LumberJocks

Tool Tip #30: Tool air cooler

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Blog entry by robscastle posted 07-19-2017 09:11 PM 878 reads 0 times favorited 5 comments Add to Favorites Watch
« Part 29: Alternative use for Transfer Punches Part 30 of Tool Tip series Part 31: Using the Standard Gifkins Dovetail Jig with timber wider than the recommended 310mm »

Majuvla’s post prompted this one.
Not wanting to hijack his post or to be seen as to be tacking on the end of his here it is.

My grinder I use for linishing and all those sorts of jobs, also has a white wheel fitted for sharpening tools as well.
When sharpening chisels and items sensitve to changes from heat build up they can be cooled with chilled compressed air directed through a vortex to prevent the tool being subjected to temperature build up.

Its operation requires dry clean air to work so you will need to have a filter and moisture trap fitted to your outlet.
Most woodworking applications have this as the norm when used as a duster, then attach it to the metal part of the grinder cover by its magnet.

Then and then apply air.

You get two effects one outlet which produces heated air and the other outlet chilled air.

No moving parts involved (except the air) and it directs a cold stream of air onto your woodworking tools undergoing sharpening to assist in cooling them.

In case you were wondering what a vortex is:-

What Is A Vortex Tube?

A low cost, reliable, maintenance free solution to a variety of industrial spot cooling problems. Using an ordinary supply of compressed air as a power source, vortex tubes create two streams of air, one hot and one cold, with no moving parts. Vortex tubes can produce:

Temperatures from -46° to +127°C (-50° to +260°F)
Flow rates from 1 to 150 SCFM (28 to 4248 SLPM)
Refrigeration up to 10,200 Btu/hr. (2571 Kcal/hr.)

Temperatures, flows and refrigeration are adjustable over a wide range using the control valve on the hot end exhaust.
A closing note:-
The differiential temperatures are based on incoming air temperatures, meaning the hotter the incoming air the less cooling and the colder the air the less heating.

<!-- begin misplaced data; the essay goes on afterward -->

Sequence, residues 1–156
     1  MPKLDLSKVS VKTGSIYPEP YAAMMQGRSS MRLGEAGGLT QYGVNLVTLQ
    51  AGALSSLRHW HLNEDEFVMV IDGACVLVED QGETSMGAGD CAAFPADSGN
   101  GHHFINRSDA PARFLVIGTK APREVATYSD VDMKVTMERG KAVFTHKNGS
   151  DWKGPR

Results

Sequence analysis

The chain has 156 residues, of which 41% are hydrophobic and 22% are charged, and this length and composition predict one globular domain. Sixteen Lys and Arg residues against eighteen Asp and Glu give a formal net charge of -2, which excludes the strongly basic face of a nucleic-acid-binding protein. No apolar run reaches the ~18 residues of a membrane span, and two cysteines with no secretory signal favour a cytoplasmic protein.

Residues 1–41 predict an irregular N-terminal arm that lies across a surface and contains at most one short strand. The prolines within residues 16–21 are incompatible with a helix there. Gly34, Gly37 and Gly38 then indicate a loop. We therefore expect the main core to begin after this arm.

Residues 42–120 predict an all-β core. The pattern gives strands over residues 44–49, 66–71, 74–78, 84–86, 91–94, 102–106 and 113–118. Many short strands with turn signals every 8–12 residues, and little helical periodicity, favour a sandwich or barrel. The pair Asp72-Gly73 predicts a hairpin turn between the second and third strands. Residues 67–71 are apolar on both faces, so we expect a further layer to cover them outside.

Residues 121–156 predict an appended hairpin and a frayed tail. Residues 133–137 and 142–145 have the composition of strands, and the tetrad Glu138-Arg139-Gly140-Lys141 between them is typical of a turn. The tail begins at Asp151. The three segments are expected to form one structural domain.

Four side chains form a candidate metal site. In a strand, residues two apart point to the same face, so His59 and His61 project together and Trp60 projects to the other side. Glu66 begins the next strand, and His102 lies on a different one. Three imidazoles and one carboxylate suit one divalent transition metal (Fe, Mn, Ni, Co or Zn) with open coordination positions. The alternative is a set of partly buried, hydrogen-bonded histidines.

-- Regards Rob



5 comments so far

View Joe Lyddon's profile

Joe Lyddon

10324 posts in 4256 days


#1 posted 07-19-2017 09:23 PM

I thought all one did was to dip’em in water… (??)

-- Have Fun! Joe Lyddon - Alta Loma, CA USA - Home: http://www.WoodworkStuff.net ... My Small Gallery: http://www.ncwoodworker.net/pp/showgallery.php?ppuser=1389&cat=500"

View robscastle's profile

robscastle

5489 posts in 2407 days


#2 posted 07-19-2017 09:25 PM

Oh Joe you have ruined my post in one line !!

-- Regards Rob

View Joe Lyddon's profile

Joe Lyddon

10324 posts in 4256 days


#3 posted 07-19-2017 09:28 PM

Sorry, didn’t mean to… I just never heard of a tool AIR COOLER before… (?)

-- Have Fun! Joe Lyddon - Alta Loma, CA USA - Home: http://www.WoodworkStuff.net ... My Small Gallery: http://www.ncwoodworker.net/pp/showgallery.php?ppuser=1389&cat=500"

View pottz's profile

pottz

3582 posts in 1188 days


#4 posted 07-19-2017 09:29 PM



I thought all one did was to dip em in water… (??)

- Joe Lyddon


me too,i like joes idea,simpler-lol.

-- sawdust the bigger the pile the bigger my smile-larry,so cal.

View robscastle's profile

robscastle

5489 posts in 2407 days


#5 posted 07-20-2017 12:37 AM

No problems there Joe and Pottzy possibly why I rarely ever use it

The marvels of technology:

1x Grinder and cup of water
or
1x Grinder and air compressor and some high tech gear ,and even then even still possibly water too!

Cost a small fortune too. Oh the things you buy thinking you can use them when first starting out.

Even the wheel gets very little use as I turn to my Work Sharp for those sort of tasks, it produces amazing results

-- Regards Rob

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